The recognition of the concept of 'Big Data' by the regulator is an important development from a regulatory perspective. The CCI (Competition Commission of India) has acknowledged the changing technological landscape, and does not see 'search' as a free service. It has directly related the aggregation and analytics of the user data to revenues after improvement in targeted advertising as well as AI-based innovations.
While Google argued the relevant turnover would be the segmental turnover of only those verticals where anti-competitive practices were determined, the CCI has taken into account the analytics of 'Big Data' from one vertical augmenting the search results (whether advertisement based or otherwise) across other verticals as well.
Despite taking a couple of hits in terms of being declared anti-competitive in relation to its display of Commercial Flight Units and search intermediation agreements with different publishers, there are many wins for Google as well, notably that its user interface and current practices will remain substantially unchanged with only a disclaimer being required in flight box and relaxation of the exclusivity covenant in search syndication deals. The penalty of 5 per cent in India turnover amounting to Rs 136 crore is unlikely to pose a major cost to the search giant. It will be interesting to see how this plays out in future as both parties are likely to appeal against the 4-2 order decision.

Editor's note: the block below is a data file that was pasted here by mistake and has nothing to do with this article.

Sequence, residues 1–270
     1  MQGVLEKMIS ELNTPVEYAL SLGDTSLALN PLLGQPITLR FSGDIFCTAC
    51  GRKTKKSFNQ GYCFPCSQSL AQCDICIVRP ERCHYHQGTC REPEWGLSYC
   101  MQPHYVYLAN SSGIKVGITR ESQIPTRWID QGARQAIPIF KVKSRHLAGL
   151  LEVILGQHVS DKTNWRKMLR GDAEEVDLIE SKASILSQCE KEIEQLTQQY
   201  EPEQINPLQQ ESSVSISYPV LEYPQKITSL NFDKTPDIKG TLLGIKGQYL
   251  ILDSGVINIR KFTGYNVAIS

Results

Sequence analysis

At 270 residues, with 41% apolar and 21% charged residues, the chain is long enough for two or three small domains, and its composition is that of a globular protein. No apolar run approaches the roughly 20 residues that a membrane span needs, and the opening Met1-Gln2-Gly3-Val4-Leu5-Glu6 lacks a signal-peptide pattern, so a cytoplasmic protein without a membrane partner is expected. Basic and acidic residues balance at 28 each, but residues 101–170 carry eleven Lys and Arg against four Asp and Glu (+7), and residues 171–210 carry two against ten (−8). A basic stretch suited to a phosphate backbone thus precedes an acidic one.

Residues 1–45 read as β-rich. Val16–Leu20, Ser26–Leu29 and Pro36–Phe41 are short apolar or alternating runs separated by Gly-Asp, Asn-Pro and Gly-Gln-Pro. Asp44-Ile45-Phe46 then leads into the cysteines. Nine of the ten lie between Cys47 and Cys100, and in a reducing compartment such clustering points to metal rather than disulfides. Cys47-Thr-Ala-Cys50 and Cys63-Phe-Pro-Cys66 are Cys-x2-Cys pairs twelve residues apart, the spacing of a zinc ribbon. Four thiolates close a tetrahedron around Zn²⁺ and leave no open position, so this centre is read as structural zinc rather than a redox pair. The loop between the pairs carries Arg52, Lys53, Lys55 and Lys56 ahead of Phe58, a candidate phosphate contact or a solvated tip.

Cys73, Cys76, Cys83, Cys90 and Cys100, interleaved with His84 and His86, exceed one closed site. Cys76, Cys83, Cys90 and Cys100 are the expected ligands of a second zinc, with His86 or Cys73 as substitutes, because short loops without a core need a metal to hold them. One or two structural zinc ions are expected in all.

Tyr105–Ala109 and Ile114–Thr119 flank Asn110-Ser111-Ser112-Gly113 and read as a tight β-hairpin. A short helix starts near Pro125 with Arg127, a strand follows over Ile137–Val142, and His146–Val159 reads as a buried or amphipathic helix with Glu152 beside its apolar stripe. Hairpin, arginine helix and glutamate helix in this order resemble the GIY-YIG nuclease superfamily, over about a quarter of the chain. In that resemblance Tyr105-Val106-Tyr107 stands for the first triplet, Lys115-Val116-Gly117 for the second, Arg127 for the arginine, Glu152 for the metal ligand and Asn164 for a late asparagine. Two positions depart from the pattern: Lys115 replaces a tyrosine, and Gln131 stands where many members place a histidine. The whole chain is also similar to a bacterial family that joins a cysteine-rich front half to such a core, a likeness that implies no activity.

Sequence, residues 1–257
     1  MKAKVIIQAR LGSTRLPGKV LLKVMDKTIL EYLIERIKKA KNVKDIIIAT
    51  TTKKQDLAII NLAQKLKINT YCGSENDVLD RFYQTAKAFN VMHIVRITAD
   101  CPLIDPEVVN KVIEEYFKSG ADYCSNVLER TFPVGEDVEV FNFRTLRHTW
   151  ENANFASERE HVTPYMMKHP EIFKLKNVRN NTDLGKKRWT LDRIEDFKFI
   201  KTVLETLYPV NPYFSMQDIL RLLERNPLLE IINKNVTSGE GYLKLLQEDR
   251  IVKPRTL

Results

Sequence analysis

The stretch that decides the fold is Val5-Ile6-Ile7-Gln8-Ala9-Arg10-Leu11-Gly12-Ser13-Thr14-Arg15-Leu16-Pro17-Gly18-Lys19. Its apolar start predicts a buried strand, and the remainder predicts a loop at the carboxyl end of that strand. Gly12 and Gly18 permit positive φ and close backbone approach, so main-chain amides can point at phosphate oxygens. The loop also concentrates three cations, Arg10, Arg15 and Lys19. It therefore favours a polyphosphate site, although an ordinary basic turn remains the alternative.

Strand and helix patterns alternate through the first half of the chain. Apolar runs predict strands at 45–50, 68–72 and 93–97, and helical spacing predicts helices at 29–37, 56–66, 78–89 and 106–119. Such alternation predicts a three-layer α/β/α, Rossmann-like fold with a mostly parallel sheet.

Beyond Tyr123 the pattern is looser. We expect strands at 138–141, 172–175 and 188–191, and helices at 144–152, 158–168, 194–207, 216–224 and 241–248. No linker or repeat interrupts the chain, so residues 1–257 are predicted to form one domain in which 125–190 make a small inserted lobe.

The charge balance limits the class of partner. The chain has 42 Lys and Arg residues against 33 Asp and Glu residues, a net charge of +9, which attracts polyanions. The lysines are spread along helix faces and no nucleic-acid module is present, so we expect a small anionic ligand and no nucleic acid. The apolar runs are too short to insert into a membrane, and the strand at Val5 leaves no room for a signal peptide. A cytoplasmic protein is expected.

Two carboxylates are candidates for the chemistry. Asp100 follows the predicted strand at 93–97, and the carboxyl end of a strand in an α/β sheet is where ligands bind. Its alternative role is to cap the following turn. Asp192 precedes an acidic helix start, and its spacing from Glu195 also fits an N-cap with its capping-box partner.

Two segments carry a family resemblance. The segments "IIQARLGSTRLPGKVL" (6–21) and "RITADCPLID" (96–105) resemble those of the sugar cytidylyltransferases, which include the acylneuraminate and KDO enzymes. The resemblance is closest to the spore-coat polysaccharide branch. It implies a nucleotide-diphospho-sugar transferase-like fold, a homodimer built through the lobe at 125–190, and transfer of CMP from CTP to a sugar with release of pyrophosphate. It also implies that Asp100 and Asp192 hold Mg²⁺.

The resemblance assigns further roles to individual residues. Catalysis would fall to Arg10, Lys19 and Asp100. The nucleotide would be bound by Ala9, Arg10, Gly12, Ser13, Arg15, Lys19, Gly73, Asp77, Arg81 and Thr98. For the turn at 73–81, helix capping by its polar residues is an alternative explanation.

Avimukt Dar is a Partner at IndusLaw